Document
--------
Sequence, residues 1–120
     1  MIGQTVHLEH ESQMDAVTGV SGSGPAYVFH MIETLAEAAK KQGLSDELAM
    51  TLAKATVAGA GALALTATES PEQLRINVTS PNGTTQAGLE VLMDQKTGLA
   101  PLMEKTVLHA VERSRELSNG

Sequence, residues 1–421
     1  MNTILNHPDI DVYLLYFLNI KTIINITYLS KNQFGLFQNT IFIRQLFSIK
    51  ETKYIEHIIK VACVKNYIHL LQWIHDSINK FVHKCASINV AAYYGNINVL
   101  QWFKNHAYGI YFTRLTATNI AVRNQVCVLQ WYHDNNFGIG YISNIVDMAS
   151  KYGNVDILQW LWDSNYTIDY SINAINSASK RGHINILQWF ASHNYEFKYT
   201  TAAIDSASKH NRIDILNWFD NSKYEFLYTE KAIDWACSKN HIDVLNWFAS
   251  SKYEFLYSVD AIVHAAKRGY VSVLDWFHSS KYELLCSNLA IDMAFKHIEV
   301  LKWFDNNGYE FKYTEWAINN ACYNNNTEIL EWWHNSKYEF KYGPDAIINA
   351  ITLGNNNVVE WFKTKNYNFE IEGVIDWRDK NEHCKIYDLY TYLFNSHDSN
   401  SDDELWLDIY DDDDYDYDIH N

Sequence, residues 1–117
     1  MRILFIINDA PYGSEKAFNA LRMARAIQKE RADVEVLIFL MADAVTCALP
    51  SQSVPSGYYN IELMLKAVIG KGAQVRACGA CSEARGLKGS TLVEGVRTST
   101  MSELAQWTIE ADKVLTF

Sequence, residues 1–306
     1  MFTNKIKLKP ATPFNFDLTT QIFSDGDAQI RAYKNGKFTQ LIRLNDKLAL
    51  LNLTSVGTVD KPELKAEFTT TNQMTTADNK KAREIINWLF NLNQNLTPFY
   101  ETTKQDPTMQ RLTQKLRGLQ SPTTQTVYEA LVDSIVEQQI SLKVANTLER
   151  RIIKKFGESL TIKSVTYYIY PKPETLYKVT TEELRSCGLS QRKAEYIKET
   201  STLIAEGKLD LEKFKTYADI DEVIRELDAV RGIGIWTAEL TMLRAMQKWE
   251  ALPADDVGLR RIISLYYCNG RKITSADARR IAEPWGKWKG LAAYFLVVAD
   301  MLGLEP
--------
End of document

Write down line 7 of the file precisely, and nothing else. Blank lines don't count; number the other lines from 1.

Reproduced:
    51  ETKYIEHIIK VACVKNYIHL LQWIHDSINK FVHKCASINV AAYYGNINVL